Welcome to Varied Expressions of Worship

Welcome to Varied Expressions of Worship

This blog will be written from an orthodox Christian point of view. There may be some topic that is out of bounds, but at present I don't know what it will be. Politics is a part of life. Theology and philosophy are disciplines that we all participate in even if we don't think so. The Bible has a lot to say about economics. How about self defense? Is war ethical? Think of all the things that someone tells you we should not touch and let's give it a try. Everything that is a part of life should be an expression of worship.

Keep it courteous and be kind to those less blessed than you, but by all means don't worry about agreeing. We learn more when we get backed into a corner.

Thursday, March 31, 2011

Opus 2011-104, On the NRSV

Earlier this year I came across a post that talked about the New Revised Standard Version (NRSV) as being openly “gender neutral.”  I engaged in a short discussion in the comment section and later wrote my own post on the subject.  I then realized I had a copy of the NRSV on my Bible shelf.  I decided to read it in one of my Perpetual Proverbs  cycles.  In the first chapter I begin to see the effects of the philosophy of being gender neutral.  The Hebrew word for “son” is replaced by the English word “child”.  This is an indication of what will continue through the entire book of Proverbs.

Sometime you should read through the introductory material on different translations.  This gives you a feel for the principles of translation.  I found what I wanted about this “gender neutral” idea in a section called “To the Reader.” 
“During the almost half a century since the publication of the RSV, many in the churches have become sensitive to the danger of linguistic sexism arising from the inherent bias of the English language towards the masculine gender, a bias that in the case of the Bible has often restricted or obscured the meaning of the original text.” p. xii
“Linguistic sexism?”  Is this an objective measure or a term to come out of a politically correct university office?  I don’t think it is a Biblical term.  I don’t think it was around a hundred years ago.  I will accept that using the masculine “he” in a generic way is a gender bias, but to act like this is some kind of modern weakness in the English language is an intellectual stigmatism.  If the same bias did not exist in the original Hebrew then it would not contain the word “ben” which clearly means “son”.  You learn that this translation's principles are coming from the sociology department not the theology department.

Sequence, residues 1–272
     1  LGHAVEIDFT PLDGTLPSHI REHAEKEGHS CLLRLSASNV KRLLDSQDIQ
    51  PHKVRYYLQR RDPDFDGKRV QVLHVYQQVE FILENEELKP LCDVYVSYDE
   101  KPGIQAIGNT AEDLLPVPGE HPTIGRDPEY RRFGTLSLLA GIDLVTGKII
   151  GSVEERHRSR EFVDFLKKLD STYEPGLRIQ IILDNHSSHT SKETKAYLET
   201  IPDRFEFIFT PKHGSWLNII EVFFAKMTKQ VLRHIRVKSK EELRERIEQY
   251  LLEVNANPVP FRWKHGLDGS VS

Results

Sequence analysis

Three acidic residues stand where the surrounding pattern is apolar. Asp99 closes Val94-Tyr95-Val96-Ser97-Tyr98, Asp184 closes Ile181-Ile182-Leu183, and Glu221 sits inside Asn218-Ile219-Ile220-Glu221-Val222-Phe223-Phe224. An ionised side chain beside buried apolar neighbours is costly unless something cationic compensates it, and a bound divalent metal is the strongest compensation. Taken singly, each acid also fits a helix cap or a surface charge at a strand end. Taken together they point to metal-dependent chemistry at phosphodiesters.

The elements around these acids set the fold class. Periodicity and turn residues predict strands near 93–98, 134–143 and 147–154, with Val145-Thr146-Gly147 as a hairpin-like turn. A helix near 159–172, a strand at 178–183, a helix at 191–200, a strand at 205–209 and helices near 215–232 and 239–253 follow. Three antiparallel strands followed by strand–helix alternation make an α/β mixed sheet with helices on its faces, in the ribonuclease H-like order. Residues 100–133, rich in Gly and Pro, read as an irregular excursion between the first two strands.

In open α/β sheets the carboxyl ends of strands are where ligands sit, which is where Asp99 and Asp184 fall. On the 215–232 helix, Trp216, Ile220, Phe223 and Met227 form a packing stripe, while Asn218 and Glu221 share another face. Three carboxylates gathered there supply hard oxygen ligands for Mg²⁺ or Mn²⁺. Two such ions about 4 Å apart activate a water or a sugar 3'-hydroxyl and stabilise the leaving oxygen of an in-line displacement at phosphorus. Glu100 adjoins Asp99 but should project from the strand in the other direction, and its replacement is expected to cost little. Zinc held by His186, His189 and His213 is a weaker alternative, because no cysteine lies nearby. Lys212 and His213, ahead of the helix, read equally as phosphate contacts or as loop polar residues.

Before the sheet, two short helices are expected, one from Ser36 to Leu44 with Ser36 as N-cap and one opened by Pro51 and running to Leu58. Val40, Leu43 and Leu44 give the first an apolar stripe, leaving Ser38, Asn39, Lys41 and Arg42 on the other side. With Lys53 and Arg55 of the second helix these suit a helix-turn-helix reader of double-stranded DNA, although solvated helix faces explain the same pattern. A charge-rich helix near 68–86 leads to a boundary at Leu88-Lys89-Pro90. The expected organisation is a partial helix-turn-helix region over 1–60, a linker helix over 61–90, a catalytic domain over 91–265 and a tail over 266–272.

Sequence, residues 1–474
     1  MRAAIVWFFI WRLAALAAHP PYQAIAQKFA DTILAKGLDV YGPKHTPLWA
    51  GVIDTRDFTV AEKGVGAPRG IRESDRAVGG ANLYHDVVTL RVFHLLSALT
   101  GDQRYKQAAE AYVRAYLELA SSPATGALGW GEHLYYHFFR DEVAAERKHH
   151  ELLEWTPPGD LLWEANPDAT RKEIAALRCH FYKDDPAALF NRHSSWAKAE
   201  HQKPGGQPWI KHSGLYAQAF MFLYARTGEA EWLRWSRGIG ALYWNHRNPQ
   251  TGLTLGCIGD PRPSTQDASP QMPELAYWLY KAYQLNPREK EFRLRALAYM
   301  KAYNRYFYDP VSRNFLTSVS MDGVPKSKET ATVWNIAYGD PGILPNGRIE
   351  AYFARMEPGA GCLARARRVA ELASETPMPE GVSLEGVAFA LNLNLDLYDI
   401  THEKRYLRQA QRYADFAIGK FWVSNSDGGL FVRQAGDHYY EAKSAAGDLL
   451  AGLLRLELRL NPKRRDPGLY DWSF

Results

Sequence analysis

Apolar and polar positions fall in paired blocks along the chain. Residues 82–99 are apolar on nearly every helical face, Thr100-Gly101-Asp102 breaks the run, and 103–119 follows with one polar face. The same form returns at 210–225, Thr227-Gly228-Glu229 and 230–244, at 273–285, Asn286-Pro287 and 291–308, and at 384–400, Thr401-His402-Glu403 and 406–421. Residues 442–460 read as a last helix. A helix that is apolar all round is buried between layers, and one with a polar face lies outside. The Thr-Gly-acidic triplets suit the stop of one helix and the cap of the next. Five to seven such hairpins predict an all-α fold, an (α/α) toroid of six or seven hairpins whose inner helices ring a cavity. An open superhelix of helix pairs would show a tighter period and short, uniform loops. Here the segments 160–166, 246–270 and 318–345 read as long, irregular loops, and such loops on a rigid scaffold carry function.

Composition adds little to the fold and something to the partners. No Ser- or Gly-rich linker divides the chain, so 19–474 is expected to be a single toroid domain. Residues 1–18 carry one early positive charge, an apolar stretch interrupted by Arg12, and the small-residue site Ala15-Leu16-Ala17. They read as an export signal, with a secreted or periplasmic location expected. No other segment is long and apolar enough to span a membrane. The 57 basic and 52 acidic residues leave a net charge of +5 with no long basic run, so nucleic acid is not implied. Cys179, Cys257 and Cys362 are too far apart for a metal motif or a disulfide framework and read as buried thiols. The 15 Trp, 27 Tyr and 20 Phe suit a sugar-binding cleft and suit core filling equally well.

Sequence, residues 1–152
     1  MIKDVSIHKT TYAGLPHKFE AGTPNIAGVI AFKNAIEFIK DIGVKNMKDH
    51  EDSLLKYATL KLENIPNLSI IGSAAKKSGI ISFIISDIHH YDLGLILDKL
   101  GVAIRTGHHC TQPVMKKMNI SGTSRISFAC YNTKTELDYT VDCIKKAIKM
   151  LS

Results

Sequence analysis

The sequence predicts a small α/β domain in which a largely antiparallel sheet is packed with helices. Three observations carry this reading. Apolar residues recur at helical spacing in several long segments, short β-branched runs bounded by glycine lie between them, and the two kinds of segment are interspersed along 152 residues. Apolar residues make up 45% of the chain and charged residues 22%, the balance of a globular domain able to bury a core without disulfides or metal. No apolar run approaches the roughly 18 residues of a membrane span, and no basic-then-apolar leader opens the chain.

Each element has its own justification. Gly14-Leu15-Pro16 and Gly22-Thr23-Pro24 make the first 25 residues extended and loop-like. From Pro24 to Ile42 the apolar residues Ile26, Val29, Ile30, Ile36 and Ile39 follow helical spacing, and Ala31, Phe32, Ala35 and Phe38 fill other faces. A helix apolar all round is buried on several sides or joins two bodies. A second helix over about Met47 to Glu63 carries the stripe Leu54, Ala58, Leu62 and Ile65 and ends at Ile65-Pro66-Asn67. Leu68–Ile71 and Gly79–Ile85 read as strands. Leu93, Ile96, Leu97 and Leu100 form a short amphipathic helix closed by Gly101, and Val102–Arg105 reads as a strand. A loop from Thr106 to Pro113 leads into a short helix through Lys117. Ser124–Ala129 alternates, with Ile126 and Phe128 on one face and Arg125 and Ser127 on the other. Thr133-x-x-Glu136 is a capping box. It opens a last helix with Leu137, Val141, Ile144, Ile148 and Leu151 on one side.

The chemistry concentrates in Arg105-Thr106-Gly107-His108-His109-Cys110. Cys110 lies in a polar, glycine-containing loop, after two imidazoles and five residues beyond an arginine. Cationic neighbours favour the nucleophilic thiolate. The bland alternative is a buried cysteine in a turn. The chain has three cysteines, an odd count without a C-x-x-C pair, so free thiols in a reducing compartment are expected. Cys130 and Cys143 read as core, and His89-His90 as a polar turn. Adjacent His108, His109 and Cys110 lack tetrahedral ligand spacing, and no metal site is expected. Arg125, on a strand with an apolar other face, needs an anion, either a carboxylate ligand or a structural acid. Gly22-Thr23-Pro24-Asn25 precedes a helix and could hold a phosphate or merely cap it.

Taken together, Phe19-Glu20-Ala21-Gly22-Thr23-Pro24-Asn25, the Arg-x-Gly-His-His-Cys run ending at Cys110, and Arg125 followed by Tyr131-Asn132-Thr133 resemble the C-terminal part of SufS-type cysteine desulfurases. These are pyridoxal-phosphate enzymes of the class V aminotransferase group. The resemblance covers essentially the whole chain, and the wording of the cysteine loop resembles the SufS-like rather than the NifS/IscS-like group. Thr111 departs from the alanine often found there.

It is interesting to note that this is a change made in the “New” RSV that was not present in the RSV.  It then continues,
“The mandates from the Division specified that, in references to men and women, masculine-oriented language should be eliminated as far as this can be done without altering passages that reflect the historical situation of ancient patriarchal culture.” p. xii
So when we are talking about modern times it is a “inherent bias of the English language” but to protect themselves from people who think this is the word of God they will honor the “historical situation of ancient patriarchal culture.”  Isn’t that an inherent bias of the ancient patriarchal culture?  Are they trying to say that the male dominance did not exist?

The slippery slope is hinted at in the final sentence in this paragraph.
“Of course, in narrative and in parable no attempt was made to generalize the sex of individual persons.” p. xii
Of course.  Not yet.  One of the principles of indoctrination is to make slow incremental changes.  How many “new” translations will it be before that happens?

One of the philosophies in the comments is that modern culture is more sensitive to the nuances of gender thus they do away with the masculine.  If that is the case then why does the KJV translate "ben" as “children” over a hundred times?

If you are going to write a survey of historical gender roles, go for it.  But don’t call it a Bible and don’t call it a translation.

The New Oxford Annotated Bible.  New York:  Oxford University Press, 1994.

homo unius libri

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Comments are welcome. Feel free to agree or disagree but keep it clean, courteous and short. I heard some shorthand on a podcast: TLDR, Too long, didn't read.